“Commemorating the 18th anniversary of its IPO on May 5, the only integrated, multimedia company focused on Black culture, Radio One, Inc., is changing its name to Urban One, Inc.,” the company announced on Monday.
David Remnick, editor of the New Yorker, says its website provides opportunities to experiment with new voices. “This is an advantage of the Web: it’s allowed you to take chances on, and open the door to, people who maybe aren’t completely down the road yet,” he told Pete Vernon of Columbia Journalism Review on Friday. “ ‘[Online writing is] shorter, more frequent. Muscles get built up. You can experiment more.’ Asked about one of those new voices, recent hire Doreen St. Félix, who is African American, Remnick explained why he feels diversity is important. ‘Look where we are,’ he said. ‘What world do we live in?’ . . .”
“POLITICO today announced the 2017 class of the POLITICO Journalism Institute (PJI), an educational initiative focused on supporting diversity in Washington newsrooms,” the Maynard Institute for Journalism Education announced on Sunday. “PJI, now in its fourth year, will be held May 30 to June 9 and will offer 12 university students intensive, hands-on training in government and political reporting. . . .”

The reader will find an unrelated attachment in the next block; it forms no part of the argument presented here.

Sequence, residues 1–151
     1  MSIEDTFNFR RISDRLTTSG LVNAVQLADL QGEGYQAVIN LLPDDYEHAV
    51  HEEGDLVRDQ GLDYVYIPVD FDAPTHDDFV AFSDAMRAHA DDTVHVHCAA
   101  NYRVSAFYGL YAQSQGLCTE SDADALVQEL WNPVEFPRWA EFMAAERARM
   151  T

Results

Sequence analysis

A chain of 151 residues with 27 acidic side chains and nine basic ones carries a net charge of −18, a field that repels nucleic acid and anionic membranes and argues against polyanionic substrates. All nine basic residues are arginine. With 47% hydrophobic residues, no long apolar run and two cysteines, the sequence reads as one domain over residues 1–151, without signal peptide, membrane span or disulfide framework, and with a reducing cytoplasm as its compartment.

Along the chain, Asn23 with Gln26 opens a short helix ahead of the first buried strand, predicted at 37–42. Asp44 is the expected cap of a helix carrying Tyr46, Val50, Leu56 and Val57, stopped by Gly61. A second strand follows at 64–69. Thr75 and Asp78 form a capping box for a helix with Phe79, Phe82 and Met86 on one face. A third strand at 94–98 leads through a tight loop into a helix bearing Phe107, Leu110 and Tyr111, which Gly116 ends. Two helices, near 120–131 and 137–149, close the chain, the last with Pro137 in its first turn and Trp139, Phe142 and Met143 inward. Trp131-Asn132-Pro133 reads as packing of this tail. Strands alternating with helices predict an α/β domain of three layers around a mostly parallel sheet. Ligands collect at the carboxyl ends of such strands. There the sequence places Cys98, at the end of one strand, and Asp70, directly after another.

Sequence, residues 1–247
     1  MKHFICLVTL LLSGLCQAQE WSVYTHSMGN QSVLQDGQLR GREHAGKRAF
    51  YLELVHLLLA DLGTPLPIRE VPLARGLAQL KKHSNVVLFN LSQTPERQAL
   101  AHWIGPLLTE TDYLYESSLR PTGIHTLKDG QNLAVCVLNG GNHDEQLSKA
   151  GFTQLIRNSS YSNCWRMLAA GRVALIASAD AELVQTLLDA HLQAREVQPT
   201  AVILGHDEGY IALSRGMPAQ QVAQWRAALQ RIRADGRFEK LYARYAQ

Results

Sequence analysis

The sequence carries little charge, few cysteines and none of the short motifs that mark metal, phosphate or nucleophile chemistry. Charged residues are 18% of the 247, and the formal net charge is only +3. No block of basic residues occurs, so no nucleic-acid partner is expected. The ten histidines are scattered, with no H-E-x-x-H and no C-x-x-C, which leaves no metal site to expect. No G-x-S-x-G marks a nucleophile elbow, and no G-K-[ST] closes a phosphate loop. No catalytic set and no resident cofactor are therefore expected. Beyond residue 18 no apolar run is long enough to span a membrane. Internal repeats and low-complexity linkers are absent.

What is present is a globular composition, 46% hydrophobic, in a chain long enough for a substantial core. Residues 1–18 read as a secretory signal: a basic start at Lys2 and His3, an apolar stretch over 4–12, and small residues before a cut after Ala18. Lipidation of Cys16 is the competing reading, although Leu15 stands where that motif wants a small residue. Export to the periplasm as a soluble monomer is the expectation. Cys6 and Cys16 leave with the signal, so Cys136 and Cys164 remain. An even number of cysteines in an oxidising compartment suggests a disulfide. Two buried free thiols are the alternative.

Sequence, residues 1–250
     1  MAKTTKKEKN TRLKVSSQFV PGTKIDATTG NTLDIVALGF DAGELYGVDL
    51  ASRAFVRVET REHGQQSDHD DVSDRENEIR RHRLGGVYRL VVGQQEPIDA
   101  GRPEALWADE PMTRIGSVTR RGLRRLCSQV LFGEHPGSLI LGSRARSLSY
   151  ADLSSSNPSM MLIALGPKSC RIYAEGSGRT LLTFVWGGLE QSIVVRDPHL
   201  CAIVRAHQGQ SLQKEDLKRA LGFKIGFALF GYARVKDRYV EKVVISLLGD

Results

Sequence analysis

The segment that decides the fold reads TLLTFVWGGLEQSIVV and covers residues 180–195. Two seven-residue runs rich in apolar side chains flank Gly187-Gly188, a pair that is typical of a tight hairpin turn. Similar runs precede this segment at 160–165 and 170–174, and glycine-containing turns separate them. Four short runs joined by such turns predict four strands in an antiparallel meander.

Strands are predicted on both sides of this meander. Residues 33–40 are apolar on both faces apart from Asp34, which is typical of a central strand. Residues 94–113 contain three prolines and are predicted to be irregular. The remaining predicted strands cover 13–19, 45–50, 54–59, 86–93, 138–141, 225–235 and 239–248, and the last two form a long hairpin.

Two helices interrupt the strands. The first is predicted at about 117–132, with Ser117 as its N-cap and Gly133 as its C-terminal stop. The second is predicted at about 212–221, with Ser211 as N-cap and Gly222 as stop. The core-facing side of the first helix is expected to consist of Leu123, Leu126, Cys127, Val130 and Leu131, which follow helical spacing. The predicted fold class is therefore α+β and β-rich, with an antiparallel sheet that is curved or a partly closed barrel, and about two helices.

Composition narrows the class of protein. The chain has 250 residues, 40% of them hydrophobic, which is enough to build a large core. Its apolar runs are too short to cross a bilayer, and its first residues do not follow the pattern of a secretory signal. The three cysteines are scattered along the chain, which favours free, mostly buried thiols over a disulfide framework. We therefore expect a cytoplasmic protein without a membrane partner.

The Collaborative Journalism Summit, an international symposium on collaborative reporting and cooperative news networks, took place Thursday and Friday at Montclair State University in New Jersey. “We created a pop-up newsroom with Montclair State students to cover the two-day event,” Eric Ortiz, founder and CEO of Evrybit, told Journal-isms.
Richard Prince’s Journal-isms originates from Washington. It began in print before most of us knew what the internet was, and it would like to be referred to as a “column.” Any views expressed in the column are those of the person or organization quoted and not those of any other entity.
Send tips, comments and concerns to Richard Prince at firstname.lastname@example.org.
Journal-isms is originally published on journal-isms.com. Reprinted on The Root by permission.